Dinkytown looks to launch new website

A 7-year-old website has been giving visitors bad information.

Barry Lytton

In the past year, the Dinkytown Business Alliance has switched leadership and changed its name. But adding to its identity crisis has been an outdated website that members had no control over.

In 2008, Tyler Larson, a then-University of Minnesota senior, built a website for the alliance free of charge. After Larson graduated and moved on, the website became outdated but remained the top result on search engines like Google. Now, members hope to combat inaccuracies in the original website with a better one.

Former DBA president Skott Johnson said Larson approached the alliance with the idea of building the old website, dinkytownminneapolis.com.

“At first it worked out and people could get their hours and everything updated correctly,” Johnson said. “But I know over time … people were getting a little frustrated; the dates were inaccurate, and there were businesses there that were no longer around.”

Most recently, the website included organizations like the House of Hanson, Downtime Bar and Grill and Cummings Books — all of which have either been replaced or shut down.

“We all just wish that it would go away because it’s just a dinosaur,” said DBA coordinator Chris Lautenschlager.

Last summer, Lautenschlager created dinkytownusa.org. But he said Larson’s site continued to attract more visitors, while the updated DBA site is nowhere to be found when someone searches for the district’s online presence.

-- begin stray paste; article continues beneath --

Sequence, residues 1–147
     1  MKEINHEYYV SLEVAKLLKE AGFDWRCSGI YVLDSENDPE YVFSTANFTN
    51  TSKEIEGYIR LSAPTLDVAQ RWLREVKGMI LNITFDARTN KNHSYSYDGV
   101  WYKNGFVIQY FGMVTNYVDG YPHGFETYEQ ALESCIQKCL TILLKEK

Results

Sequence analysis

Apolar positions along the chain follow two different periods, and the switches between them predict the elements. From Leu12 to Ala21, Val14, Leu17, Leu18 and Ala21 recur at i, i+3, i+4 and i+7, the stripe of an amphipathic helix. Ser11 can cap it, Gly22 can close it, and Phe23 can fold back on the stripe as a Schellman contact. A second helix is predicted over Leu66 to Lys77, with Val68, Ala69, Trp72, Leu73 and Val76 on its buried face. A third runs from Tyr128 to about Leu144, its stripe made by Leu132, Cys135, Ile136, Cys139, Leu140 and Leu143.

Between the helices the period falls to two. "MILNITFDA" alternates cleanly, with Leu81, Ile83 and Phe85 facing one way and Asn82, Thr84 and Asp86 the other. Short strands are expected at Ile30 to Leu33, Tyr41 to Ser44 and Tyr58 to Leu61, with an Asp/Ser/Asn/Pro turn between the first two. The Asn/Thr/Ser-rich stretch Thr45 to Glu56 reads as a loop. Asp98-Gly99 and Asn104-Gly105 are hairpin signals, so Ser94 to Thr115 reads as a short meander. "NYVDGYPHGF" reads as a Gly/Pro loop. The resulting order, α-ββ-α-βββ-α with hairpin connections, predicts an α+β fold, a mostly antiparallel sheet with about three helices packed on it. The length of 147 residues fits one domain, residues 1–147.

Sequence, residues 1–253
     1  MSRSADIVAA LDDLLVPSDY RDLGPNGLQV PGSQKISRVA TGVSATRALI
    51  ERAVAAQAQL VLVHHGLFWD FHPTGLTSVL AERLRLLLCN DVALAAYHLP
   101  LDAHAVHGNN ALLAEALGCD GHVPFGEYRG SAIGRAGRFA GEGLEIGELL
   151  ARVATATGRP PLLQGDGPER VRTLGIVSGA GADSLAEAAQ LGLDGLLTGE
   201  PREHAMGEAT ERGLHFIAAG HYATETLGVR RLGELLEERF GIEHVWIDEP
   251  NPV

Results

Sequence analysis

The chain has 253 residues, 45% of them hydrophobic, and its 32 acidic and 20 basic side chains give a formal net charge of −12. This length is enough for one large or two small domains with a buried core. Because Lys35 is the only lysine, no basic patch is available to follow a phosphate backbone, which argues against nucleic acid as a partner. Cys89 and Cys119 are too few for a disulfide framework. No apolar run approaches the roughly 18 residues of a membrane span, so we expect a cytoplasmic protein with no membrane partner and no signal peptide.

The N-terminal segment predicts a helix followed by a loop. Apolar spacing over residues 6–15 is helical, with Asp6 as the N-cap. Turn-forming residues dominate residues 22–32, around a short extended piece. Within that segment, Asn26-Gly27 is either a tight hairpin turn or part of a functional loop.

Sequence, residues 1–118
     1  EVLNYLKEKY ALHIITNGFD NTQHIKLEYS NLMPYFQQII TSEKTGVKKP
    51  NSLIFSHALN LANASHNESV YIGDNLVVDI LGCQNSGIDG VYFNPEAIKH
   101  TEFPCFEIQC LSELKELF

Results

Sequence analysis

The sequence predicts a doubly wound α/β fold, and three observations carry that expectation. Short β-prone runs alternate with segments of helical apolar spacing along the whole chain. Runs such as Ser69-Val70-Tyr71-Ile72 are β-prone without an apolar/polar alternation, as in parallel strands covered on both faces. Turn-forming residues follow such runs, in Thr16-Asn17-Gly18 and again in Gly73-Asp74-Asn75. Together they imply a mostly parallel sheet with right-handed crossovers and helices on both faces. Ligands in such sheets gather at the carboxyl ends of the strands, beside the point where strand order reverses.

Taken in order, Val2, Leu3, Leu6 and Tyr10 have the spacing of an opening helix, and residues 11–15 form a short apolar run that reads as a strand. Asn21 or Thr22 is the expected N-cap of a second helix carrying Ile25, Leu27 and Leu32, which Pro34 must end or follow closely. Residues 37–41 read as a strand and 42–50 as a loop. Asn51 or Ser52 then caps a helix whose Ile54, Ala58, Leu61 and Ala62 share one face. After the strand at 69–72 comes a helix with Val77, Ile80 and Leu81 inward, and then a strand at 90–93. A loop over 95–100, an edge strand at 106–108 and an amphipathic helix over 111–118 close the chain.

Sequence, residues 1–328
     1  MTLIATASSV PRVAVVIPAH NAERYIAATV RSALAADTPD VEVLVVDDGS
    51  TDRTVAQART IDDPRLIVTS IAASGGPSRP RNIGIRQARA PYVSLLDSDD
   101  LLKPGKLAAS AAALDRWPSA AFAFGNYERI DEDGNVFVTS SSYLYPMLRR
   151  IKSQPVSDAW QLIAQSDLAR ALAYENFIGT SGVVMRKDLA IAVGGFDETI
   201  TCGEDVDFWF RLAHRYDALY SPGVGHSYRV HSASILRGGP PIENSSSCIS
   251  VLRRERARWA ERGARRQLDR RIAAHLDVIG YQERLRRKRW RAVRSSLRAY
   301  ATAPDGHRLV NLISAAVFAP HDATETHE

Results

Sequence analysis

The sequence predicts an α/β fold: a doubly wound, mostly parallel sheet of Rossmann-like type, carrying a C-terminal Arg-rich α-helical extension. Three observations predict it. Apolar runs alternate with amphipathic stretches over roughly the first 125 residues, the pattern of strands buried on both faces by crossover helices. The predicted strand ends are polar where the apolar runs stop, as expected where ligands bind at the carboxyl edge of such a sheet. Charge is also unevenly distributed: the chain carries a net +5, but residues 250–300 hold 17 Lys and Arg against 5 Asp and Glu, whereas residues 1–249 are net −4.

The DBA originally wanted to buy the website from Larson or bury it in Google search results, Lautenschlager said.

Instead, the DBA plans to launch a new site in coming months to drive web traffic away from the outdated one.

But because of the DBA’s limited resources, Lautenschlager said the group was more inclined to try improve its search engine optimization rather than purchase Larson’s website.

After Larson graduated in 2008, he responded to the DBA’s requests for updates less frequently. The site’s information became inaccurate, listing parking lots and businesses that no longer exist, and eventually, Larson stopped responding entirely.

On March 11, dinkytownminneapolis.com stopped showing up on search engines, and the site itself shows a 404 error.

Larson could not be reached for comment.

Technically, what Larson did wasn’t illegal, said University of Minnesota Law School associate professor, William McGeveran, who specializes in Internet law.

Laws protecting against cybersquatting — when someone creates a website to impersonate a person or company — don’t apply because the DBA worked with Larson on the website, and it doesn’t claim to represent the organization.

The site could also be regarded as an expression of free speech, McGeveran said.

“Everyone has the right to put up a website about a subject as long as they’re not passing themselves off as somebody else,” he said.